Official sources said the Shankaracharya of the Kanchi Kamakoti Peeth, Swami Jayendra Saraswati, may issue an appeal urging the VHP to put off its agitation for the construction of a Ram temple on the disputed site in Ayodhya, for the moment at least.

Sources said the appeal, like Vajpayee’s, is expected to stress that the nation must be united in fighting terrorism exported from across the border and not allow its attention to be distracted by other issues.

The VHP had declared that if the issue was not sorted out before March 12, the deadline set by its dharam sansad last February, it would go ahead and start building the temple.

The Kanchi Shankaracharya is considered to be the most powerful of the four Shankaracharyas presiding over the important Hindu religious orders. He has been politically inclined, too, and has performed a havan in Delhi over the past six days for the well-being of people and protection against terrorist attacks.

Jayendra Saraswati and his second-in-command Vijayendra Saraswati had presided over the “Prathyanya Devi” havan, which concluded today at the Kamakoti Kamakshi Meditation and Cultural Centre.

Though the Shankaracharya has not associated himself openly with the VHP — he did not turn up at the last dharam sansad during the Kumbh Mela despite the VHP’s announcement — he has issued statements supporting the Ram mandir.

He has also backed the BJP agenda of reviewing the Constitution and opposed cow slaughter, urging for a ban on it. But unlike Swami Swaroopanand, the Shankaracharya of Dwarikapeeth and Jyotishmath, who has publicly supported the Congress and is seen with its leaders, the Kanchi Shankaracharya has kept a relatively low profile.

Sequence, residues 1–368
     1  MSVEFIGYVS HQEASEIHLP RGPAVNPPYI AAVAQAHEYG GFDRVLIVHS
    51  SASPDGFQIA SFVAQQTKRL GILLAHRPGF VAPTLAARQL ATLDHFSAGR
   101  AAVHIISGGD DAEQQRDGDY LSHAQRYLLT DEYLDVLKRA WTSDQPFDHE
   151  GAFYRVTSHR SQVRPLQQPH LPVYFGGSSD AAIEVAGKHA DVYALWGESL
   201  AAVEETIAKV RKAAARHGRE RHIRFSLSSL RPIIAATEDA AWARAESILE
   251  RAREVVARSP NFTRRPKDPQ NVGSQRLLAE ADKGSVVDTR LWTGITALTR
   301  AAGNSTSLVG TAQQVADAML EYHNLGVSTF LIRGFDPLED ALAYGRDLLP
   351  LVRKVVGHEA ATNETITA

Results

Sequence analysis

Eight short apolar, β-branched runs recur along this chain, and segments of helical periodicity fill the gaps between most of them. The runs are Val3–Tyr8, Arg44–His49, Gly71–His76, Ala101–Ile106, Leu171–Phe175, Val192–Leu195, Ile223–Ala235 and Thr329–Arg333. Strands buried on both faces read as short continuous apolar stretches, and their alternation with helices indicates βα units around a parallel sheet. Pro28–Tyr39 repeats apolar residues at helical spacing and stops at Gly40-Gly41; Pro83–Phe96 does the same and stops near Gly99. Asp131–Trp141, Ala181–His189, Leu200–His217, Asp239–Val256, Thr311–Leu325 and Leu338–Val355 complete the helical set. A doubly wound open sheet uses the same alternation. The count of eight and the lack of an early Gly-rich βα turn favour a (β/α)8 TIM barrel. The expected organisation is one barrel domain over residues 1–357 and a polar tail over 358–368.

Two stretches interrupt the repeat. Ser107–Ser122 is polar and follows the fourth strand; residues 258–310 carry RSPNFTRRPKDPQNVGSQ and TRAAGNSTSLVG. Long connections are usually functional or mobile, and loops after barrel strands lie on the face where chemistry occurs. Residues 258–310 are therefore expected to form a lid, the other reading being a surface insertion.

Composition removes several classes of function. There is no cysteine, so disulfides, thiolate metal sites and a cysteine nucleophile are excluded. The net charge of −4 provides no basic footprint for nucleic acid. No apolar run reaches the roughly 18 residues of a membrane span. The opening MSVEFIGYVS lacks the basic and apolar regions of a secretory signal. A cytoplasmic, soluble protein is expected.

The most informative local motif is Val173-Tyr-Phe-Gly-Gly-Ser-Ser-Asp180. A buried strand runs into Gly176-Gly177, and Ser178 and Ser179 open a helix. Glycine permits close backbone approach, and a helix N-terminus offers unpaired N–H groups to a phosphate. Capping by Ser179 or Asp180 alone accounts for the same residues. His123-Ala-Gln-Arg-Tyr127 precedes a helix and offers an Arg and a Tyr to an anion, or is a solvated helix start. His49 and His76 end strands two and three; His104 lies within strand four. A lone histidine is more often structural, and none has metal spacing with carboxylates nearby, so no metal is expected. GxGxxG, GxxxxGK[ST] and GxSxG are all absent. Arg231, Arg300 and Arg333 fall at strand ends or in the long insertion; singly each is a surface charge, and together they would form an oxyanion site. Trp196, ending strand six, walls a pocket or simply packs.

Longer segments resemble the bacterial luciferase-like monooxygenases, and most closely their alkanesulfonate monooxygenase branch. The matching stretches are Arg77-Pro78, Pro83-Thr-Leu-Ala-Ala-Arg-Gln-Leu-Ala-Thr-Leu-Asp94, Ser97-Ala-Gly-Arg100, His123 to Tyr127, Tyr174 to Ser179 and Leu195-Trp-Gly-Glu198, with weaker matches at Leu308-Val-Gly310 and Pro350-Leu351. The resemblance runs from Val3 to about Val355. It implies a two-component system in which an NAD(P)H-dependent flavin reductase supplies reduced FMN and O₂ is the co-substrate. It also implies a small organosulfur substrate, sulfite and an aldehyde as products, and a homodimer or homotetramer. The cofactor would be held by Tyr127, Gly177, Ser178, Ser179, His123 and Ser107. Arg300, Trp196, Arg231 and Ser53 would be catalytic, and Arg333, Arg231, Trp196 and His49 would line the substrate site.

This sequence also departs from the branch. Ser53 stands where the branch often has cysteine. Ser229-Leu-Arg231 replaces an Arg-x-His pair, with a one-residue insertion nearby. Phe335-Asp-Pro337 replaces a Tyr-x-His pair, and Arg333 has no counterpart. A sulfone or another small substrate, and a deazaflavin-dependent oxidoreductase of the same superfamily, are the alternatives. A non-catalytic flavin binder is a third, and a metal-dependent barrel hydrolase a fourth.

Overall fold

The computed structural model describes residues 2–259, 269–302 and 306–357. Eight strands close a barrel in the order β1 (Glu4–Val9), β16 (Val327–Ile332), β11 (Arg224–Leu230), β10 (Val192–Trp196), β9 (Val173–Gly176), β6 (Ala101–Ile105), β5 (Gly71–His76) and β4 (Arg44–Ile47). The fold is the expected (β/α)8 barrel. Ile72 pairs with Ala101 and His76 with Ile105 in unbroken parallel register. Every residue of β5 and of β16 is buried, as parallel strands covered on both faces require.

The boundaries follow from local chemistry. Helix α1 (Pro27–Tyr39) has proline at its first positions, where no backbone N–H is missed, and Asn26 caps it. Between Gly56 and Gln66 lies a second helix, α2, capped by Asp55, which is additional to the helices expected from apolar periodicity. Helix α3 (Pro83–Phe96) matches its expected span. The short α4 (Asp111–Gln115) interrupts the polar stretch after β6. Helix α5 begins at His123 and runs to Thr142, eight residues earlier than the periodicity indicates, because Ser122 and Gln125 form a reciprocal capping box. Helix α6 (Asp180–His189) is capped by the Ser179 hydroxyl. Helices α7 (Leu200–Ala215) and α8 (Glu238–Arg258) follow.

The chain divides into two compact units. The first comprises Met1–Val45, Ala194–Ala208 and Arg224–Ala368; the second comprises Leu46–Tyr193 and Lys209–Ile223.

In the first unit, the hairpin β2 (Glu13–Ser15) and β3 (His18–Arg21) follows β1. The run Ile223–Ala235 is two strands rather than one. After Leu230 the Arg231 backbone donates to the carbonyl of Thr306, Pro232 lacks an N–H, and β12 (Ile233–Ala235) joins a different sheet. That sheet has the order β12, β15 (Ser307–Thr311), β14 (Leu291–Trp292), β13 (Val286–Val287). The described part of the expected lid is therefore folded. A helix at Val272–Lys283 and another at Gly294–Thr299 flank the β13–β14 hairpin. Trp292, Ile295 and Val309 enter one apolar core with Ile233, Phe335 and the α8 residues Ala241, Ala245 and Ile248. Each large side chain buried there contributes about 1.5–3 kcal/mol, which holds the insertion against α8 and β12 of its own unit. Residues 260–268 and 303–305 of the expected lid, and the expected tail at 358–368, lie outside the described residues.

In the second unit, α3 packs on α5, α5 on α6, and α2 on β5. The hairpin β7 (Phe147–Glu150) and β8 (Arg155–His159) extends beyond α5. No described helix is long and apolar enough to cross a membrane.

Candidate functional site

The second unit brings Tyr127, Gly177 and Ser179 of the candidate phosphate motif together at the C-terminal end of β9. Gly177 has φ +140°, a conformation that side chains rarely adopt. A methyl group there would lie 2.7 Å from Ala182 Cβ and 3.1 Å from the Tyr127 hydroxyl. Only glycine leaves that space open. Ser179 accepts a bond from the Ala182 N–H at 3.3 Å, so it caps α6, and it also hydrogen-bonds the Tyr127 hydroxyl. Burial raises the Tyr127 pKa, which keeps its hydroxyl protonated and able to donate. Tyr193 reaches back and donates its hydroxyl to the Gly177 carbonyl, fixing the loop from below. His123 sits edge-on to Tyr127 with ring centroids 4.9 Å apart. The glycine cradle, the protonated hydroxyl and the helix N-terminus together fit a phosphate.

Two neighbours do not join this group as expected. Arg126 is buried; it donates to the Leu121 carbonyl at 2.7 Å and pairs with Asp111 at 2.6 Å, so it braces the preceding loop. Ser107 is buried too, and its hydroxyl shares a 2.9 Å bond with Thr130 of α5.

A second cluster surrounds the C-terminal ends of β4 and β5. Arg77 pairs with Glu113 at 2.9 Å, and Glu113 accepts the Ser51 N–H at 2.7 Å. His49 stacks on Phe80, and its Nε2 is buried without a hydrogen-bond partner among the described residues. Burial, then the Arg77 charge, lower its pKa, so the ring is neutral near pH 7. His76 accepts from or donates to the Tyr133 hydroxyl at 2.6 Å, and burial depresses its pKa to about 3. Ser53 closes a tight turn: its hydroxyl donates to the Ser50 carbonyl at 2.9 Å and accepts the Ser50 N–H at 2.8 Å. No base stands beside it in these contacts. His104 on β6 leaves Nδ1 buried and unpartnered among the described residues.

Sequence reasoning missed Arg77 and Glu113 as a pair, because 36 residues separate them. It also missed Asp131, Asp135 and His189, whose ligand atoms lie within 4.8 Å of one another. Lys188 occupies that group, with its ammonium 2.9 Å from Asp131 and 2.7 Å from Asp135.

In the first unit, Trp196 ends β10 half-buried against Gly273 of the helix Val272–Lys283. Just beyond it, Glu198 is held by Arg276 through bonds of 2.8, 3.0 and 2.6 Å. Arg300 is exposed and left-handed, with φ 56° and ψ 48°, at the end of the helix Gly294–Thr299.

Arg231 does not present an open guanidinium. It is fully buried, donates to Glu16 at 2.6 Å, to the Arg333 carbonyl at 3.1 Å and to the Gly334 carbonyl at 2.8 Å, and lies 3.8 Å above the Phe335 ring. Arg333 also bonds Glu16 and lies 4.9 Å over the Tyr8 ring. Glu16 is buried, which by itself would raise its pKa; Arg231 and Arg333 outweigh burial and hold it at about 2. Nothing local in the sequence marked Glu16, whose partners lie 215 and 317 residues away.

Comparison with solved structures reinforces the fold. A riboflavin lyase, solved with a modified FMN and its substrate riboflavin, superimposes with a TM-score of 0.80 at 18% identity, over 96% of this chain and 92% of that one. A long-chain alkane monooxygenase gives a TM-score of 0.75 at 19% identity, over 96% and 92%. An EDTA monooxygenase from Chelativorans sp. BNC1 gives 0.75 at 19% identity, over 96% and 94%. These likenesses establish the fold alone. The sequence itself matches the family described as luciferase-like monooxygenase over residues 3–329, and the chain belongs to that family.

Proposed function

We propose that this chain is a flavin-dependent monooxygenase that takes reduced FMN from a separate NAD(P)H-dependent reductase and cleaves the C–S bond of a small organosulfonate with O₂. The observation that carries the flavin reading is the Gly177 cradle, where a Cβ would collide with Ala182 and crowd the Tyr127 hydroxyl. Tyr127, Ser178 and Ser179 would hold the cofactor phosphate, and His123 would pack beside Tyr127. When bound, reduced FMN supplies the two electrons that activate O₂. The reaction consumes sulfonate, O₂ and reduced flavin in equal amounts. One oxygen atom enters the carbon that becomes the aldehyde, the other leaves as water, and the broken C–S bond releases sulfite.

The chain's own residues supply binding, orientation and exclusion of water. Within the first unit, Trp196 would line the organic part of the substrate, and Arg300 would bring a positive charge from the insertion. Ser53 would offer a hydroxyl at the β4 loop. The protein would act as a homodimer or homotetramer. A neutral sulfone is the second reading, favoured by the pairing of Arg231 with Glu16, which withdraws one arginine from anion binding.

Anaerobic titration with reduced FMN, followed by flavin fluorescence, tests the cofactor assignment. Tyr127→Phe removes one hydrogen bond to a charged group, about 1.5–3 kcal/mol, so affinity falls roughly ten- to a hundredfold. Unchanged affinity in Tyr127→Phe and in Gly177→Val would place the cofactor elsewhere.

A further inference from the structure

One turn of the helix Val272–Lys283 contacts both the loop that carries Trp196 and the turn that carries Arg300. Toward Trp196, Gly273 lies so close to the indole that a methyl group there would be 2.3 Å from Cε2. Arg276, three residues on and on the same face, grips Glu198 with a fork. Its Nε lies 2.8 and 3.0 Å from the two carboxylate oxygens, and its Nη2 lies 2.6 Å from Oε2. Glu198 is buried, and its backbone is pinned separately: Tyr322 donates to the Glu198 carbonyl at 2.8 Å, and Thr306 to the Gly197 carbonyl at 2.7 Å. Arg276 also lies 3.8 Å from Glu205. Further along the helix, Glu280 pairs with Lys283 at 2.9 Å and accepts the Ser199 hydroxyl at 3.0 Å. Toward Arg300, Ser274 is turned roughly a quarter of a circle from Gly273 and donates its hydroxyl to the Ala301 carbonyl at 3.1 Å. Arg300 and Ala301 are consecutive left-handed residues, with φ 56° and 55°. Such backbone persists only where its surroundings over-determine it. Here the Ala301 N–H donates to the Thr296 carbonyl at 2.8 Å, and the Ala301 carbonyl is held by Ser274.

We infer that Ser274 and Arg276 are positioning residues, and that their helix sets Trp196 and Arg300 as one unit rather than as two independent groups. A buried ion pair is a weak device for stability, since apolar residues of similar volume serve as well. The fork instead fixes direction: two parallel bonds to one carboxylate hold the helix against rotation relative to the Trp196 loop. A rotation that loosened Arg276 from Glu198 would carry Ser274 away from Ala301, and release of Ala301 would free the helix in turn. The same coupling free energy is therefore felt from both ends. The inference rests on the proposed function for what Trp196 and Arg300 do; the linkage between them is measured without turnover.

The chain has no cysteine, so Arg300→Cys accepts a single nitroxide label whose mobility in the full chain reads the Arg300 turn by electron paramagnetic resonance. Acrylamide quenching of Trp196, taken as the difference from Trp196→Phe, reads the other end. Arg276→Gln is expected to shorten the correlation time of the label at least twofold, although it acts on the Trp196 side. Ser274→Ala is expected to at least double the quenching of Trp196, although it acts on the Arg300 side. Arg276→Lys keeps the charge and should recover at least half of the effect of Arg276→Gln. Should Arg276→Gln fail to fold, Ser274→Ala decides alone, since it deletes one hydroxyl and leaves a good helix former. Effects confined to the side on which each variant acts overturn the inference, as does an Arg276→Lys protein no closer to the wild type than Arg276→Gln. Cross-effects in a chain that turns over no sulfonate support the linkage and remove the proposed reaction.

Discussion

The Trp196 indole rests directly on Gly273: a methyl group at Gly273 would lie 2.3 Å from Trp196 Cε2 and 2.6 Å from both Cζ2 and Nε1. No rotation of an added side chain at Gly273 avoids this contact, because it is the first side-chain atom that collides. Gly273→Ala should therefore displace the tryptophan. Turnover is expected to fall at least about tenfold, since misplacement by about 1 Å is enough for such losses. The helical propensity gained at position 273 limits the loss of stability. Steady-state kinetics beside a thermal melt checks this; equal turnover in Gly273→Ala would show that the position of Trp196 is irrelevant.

This, government sources maintained, added to his credibility. They had reasons to believe that if the Kanchi Shankaracharya worked on the VHP it could defer its temple-building programme and spare the Centre a major embarrassment.

Though VHP general secretary Acharya Giriraj Kishore had yesterday said there was no way they would reconsider their plans, unless the country went to war, working president Ashok Singhal indicated in Hyderabad today that he could soften the stand.

Asked if the VHP would rethink its March 12 deadline, Singhal sounded circumspect. “It is a matter that will be reviewed by the dharam sansad and only the sants can decide. We (the VHP) do not have a separate view on this,” he said.

While agreeing that the country’s safety, security and unity were the biggest issues now, the VHP chief said “upholding dharma was equally important”.

Gita Jayanti

Hindu organisations in collaboration with the Singapore government are organising the two-day Gita Jayanti celebrations in the island state tomorrow and on Sunday. Senior BJP leader and minister of state for railways O. Rajagopal will attend the ceremony.